Next, the infeed conveyor belt conveys the wet concrete to either a second belt the discharge conveyor belt, or a spreader auger. Either the discharge conveyor belt or the spreader auger uniformly spreads the wet concrete across the graded road bed.

The third step of the paving process involves leveling, compacting, and forming the wet concrete through use of a slipform paver. Optionally, the fourth step cures and textures the wet concrete by use of a third machine. Typically these machines operate in close tandem, in order to avoid too much concrete setting during the road forming process.

After a truck pulls past the infeed conveyor belt, the truck is ready to discharge its load of concrete onto the infeed conveyor belt. Because the truck discharge is designed to quickly transfer large amounts of wet concrete to the belt placer, the transfer is not a precision operation. For example, belt placers are capable of handling approximately twenty (20) cubic yards in a minute. Invariably, the concrete splashes around the work area and eventually solidifies on the equipment. This has the undesirable consequence of hardening on some of the equipment that must maintain mobility in order to function properly. To prevent some of the concrete untidiness, fixed and manually pivoting skirting is used to protect some of the rollers underneath the belt and to facilitate lubrication of the rollers.

Traditionally, infeed conveyor belts are capable of folding upward to allow the concrete supply truck to drive a straight path on a haul road or adjacent pavement and pass the infeed conveyor belt prior to loading the belt placer. This capability works well to increase the speed of the paving process, but only if the supply truck is at the same elevation as the belt placer. If the supply truck is on a haul road or adjacent pavement that is not level with the surface that the belt placer is traveling, the infeed conveyor belt often bottoms out because the supply truck is usually higher than the graded surface. Alternatively, some belt placers are capable of raising or lowering one side of the machine in an attempt to level the machine with the haul road or adjacent pavement.

On the discharge end of the belt placer, discharge conveyor belts traditionally have the capability of rotating approximately 40°. This rotational capability allows the operator to spread the wet concrete more evenly and efficiently across the graded bed. However, this limited range of rotational capability does not work well if the belt placer has to place concrete across the entire length of an obstacle oriented perpendicular to the paving direction, such as a trench crossing. Alternatively, augers are used to spread the wet concrete in an even and efficient manner. Both of these methods prove useful for paving in one direction, and when few paving obstacles exist.

However, in order to change paving direction, the operator would have to turn the bulky and cumbersome machine around, once again decreasing efficiency. These mobilizations prove costly and time consuming, as well as presenting an element of risk to worker safety.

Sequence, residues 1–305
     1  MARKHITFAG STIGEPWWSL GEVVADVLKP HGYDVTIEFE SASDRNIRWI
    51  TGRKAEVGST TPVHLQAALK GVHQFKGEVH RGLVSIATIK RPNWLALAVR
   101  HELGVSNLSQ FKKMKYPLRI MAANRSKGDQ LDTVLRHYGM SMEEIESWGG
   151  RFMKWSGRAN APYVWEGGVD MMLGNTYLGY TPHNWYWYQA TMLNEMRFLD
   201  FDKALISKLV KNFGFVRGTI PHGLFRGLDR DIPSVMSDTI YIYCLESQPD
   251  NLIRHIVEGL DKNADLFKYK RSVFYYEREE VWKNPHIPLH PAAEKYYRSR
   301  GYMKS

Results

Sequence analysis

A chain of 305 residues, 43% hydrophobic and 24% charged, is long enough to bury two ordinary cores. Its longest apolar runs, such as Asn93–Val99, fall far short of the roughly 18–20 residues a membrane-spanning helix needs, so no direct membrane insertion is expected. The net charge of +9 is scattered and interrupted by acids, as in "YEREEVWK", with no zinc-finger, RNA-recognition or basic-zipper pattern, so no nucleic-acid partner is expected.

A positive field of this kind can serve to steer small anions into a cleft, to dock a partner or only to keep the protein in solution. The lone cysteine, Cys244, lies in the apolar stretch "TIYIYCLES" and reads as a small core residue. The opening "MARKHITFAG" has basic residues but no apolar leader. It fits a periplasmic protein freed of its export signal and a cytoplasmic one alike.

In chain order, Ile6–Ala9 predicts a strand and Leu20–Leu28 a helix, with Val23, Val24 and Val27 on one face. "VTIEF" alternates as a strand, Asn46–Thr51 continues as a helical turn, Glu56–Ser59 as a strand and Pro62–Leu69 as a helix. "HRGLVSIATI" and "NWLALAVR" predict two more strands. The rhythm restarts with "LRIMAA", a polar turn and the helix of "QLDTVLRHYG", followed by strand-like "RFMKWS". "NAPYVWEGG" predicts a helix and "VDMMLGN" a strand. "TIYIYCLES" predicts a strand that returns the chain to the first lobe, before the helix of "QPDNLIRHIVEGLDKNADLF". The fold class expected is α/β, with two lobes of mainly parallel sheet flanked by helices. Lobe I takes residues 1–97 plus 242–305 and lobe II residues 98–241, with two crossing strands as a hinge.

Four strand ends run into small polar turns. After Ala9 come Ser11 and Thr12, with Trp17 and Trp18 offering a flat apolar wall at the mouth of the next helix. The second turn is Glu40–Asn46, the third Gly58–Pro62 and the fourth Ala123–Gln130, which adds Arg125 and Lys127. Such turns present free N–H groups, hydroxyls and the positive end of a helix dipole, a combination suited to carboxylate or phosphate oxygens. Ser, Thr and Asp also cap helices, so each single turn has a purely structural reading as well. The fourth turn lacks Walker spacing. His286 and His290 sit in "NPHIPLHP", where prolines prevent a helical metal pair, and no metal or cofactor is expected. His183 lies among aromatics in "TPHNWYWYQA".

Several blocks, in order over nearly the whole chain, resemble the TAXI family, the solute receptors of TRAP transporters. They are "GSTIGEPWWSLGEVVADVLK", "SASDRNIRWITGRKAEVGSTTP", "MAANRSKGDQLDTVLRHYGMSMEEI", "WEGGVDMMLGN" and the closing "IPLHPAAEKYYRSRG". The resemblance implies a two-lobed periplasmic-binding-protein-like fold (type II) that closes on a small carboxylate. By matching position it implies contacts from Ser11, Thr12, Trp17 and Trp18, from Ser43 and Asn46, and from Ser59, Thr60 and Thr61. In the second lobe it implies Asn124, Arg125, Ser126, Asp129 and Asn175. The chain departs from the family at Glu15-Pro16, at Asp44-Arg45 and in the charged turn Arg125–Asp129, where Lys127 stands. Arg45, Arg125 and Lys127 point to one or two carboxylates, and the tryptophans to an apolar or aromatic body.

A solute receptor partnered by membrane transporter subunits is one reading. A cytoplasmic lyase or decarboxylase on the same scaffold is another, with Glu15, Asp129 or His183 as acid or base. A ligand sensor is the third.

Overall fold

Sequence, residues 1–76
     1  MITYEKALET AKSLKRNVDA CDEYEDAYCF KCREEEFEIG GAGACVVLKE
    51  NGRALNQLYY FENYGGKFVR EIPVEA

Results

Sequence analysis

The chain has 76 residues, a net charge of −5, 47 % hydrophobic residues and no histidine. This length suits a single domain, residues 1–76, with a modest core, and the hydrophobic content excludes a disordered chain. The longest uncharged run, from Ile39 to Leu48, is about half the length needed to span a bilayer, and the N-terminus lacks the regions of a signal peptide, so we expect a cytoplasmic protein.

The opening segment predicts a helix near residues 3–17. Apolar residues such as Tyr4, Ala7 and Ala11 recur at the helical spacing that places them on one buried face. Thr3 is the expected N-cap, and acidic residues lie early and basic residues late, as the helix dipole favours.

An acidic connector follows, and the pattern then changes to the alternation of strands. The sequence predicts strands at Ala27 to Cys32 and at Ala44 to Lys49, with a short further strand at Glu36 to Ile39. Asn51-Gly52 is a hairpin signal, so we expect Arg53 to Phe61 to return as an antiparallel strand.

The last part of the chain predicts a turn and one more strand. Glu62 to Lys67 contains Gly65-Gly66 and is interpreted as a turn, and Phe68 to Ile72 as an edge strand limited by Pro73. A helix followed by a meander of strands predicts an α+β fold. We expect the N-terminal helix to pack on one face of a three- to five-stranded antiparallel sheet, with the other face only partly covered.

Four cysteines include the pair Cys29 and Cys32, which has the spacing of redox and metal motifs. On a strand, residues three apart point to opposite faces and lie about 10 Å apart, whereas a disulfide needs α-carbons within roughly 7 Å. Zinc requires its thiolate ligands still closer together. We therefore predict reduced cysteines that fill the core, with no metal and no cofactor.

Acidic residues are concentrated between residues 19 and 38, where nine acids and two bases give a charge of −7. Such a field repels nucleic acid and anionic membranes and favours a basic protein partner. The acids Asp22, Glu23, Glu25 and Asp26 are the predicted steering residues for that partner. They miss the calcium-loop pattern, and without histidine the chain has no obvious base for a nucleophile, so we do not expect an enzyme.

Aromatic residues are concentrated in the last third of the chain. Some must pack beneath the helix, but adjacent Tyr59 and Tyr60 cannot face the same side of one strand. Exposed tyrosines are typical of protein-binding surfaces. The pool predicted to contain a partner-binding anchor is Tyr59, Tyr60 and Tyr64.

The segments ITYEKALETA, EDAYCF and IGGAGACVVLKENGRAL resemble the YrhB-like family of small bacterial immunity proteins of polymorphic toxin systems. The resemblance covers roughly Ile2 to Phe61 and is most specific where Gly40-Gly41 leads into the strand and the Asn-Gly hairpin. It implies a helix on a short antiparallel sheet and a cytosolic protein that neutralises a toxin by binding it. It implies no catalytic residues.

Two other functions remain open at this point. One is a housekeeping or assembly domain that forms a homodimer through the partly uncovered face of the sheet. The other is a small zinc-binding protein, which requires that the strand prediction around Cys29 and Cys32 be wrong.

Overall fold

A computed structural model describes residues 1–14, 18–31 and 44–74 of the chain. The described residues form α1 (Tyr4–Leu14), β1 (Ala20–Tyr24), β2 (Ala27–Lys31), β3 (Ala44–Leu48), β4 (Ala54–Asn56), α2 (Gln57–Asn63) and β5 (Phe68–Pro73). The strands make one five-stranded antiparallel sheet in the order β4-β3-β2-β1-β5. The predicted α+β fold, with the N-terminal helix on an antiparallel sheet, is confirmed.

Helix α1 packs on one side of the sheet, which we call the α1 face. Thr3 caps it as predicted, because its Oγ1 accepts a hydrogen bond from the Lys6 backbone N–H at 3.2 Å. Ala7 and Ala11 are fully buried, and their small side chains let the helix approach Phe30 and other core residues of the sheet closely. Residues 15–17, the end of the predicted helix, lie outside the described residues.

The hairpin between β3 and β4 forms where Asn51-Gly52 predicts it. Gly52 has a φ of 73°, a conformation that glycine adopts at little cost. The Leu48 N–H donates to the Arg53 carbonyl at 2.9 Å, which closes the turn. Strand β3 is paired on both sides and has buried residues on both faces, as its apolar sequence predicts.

SUMMARY OF THE INVENTION

In order to solve the foregoing shortcomings of traditional belt placers, the invention herein relates to improved belt placers.

According to one aspect of this invention, an infeed conveyor is provided with high pivot capability. High pivot capability is the capability to raise the conveyor belt folding point, and thus the distal end of the infeed conveyor to an elevation of up to and exceeding 22″ higher than regular horizontal operation if the belt placer is operating lower than the surrounding grade. High pivot capability prevents the infeed conveyor from bottoming out on the grade of the haul road or adjacent pavement; and in some instances, high pivot capability allows use of the belt placer under conditions that belt placers without high pivot capability could not operate.

An infeed conveyor for conveying construction materials from a truck is disclosed, the infeed conveyor comprising: an endless conveyor belt with a folding point, and means for raising and lowering the folding point to provide high pivot capability for the infeed conveyor.

A method of conveying construction material from a truck situated on a haul road or adjacent pavement with a grade higher than a grade that a belt placer travels on is also disclosed, the method comprising: pivoting an infeed conveyor to raise at least a portion of the bottom of the infeed conveyor to a height above the grade of the haul road or adjacent pavement; folding an infeed conveyor from a horizontal to a vertical position; allowing a truck to drive past the infeed conveyor; unfolding the infeed conveyor from the vertical to the horizontal position; and receiving construction material from the truck onto the endless conveyor belt. If the infeed conveyor has a folding point, the method can include raising the folding point of the infeed conveyor.